Longwave emission by the tropical western Pacific atmosphere has been measured at the ocean surface by a Fourier Transform Infrared (FTIR) spectroradiometer deployed aboard the research vessel John Vickers as part of the Central Equatorial Pacific Experiment. The instrument operated throughout a Pacific Ocean crossing, beginning on 7 March 1993 in Honiara, Solomon Islands, and ending on 29 March 1993 in Los Angeles, and recorded longwave emission spectra under atmospheres associated with sea surface temperatures ranging from 291.0 to 302.8 K. Precipitable water vapor abundances ranged from 1.9 to 5.5 column centimeters. Measured emission spectra (downwelling zenith radiance) covered the middle infrared (5-20 mu m) with one inverse centimeter spectral resolution. FTIR measurements made under an entirely clear field of view are compared with spectra generated by LOWTRAN 7 and MODTRAN 2, as well as downwelling flux calculated by the NCAR Community Climate Model (CCM-2) radiation code, using radiosonde profiles as input data for these calculations. In the spectral interval 800-1000 cm(-1), these comparisons show a discrepancy between FTIR data and MODTRAN 2 having an overall variability of 6-7 mW m(-2) sr(-1) cm and a concave shape that may be related to the representation of water vapor continuum emission in MODTRAN 2. Another discrepancy appears in the spectral interval 1200-1300 cm(-1), where MODTRAN 2 appears to overestimate zenith radiance by 5 mW m(-2) sr(-1) cm. These discrepancies appear consistently; however, they become only slightly larger at the highest water vapor abundances. Because these radiance discrepancies correspond to broadband (500-2000 cm(-1)) flux uncertainties of around 3 W m(-2), there appear to be no serious inadequacies with the performance of MODTRAN 2 or LOWTRAN 7 at high atmospheric temperatures and water vapor abundances. On average, CCM-2 flux calculations agree to within 1 W m(-2) with downwelling flux estimates from the FTIR data over all sea surface temperatures, although this result has a scatter of +/-12 W m(-2) at high sea surface temperatures.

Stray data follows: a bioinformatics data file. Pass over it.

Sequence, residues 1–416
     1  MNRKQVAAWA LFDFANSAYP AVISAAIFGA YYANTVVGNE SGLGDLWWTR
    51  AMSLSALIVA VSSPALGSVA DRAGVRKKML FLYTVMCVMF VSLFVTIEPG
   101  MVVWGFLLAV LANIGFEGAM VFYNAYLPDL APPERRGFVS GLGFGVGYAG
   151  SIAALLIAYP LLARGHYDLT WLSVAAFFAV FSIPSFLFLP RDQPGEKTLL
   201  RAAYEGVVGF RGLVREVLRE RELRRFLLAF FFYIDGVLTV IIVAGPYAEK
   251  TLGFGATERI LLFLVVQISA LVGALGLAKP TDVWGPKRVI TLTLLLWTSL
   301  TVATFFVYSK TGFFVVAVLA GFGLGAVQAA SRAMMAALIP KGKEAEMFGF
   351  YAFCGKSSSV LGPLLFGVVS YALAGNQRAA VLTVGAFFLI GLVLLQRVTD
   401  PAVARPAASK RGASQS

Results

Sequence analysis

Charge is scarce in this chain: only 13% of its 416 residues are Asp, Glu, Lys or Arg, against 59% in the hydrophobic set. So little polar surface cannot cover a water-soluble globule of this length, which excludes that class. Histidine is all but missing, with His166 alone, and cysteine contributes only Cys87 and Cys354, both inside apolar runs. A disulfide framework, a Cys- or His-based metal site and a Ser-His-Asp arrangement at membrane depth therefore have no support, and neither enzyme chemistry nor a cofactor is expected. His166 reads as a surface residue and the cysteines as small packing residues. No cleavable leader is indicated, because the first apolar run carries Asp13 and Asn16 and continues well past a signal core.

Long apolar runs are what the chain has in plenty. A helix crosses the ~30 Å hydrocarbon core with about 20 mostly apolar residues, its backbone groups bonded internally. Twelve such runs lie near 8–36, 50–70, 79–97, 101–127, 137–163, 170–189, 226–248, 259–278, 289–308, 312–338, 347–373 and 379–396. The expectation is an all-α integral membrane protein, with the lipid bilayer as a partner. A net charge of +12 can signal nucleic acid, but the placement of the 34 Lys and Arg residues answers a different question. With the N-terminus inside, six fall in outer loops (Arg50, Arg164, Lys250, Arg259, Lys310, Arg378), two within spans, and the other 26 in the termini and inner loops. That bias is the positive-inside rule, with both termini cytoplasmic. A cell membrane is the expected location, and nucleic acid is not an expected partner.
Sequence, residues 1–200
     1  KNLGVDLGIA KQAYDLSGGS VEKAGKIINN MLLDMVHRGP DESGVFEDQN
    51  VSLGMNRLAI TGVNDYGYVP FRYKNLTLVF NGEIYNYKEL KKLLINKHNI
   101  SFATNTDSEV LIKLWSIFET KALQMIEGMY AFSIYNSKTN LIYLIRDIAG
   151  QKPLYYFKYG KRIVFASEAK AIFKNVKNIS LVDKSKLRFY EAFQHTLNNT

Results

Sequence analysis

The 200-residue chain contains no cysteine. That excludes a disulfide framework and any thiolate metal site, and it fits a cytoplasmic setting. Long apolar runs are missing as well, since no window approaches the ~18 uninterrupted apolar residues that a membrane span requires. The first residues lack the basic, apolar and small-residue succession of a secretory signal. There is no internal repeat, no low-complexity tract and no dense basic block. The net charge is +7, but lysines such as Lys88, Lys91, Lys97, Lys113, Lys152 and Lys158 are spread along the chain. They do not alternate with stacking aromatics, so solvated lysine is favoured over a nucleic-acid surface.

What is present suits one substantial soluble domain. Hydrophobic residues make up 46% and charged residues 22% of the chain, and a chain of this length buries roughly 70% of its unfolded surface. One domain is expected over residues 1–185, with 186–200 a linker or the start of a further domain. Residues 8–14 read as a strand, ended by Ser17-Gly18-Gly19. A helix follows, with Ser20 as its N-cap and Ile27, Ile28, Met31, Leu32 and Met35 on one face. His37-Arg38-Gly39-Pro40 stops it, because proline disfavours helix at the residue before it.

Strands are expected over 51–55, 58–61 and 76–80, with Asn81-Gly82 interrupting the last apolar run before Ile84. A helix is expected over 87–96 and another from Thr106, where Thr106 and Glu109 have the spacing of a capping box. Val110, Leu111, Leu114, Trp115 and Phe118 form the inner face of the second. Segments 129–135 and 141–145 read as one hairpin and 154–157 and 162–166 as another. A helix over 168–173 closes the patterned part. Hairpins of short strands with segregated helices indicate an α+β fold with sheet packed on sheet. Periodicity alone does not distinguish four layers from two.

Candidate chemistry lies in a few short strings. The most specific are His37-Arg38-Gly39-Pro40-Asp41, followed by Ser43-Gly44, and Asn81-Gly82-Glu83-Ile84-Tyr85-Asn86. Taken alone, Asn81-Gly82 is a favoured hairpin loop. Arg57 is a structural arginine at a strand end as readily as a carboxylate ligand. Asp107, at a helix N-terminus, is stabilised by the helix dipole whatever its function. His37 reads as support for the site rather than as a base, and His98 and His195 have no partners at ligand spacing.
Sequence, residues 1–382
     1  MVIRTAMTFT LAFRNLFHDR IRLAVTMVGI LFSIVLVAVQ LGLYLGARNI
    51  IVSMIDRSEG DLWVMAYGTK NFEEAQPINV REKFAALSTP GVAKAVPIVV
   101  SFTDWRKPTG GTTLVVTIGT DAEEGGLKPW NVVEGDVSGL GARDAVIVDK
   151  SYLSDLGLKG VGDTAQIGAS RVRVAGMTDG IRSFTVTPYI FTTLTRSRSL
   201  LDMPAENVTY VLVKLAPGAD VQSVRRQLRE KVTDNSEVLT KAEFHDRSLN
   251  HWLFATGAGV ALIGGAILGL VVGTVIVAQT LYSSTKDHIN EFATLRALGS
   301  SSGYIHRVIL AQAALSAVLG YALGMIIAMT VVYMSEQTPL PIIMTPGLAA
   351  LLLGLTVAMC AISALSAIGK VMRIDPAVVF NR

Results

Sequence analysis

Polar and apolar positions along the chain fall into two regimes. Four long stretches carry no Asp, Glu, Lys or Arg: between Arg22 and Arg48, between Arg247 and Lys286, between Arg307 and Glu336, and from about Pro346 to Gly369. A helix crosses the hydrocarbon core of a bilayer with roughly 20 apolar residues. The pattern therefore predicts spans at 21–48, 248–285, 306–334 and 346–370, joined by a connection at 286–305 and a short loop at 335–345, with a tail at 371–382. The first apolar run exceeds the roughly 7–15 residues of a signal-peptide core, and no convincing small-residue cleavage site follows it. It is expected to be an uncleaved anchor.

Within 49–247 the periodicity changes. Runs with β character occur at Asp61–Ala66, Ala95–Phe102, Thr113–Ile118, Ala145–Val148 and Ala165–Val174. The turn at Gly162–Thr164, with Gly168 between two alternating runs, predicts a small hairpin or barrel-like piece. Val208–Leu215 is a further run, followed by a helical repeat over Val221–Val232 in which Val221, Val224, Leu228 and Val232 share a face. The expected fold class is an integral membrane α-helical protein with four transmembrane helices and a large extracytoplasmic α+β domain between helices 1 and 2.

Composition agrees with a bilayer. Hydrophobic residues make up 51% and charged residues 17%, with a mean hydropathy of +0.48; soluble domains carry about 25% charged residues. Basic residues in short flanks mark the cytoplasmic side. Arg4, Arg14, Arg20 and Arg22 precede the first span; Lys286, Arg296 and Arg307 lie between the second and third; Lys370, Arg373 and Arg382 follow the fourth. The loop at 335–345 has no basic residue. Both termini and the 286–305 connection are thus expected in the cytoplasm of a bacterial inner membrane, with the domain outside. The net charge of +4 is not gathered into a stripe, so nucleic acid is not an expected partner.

Lubin, D, Li W, Dustan P, Mazel CH, Stamnes K.  2001.  Spectral signatures of coral reefs: Features from space. Remote Sensing of Environment. 75:127-137.   10.1016/s0034-4257(00)00161-9   AbstractWebsite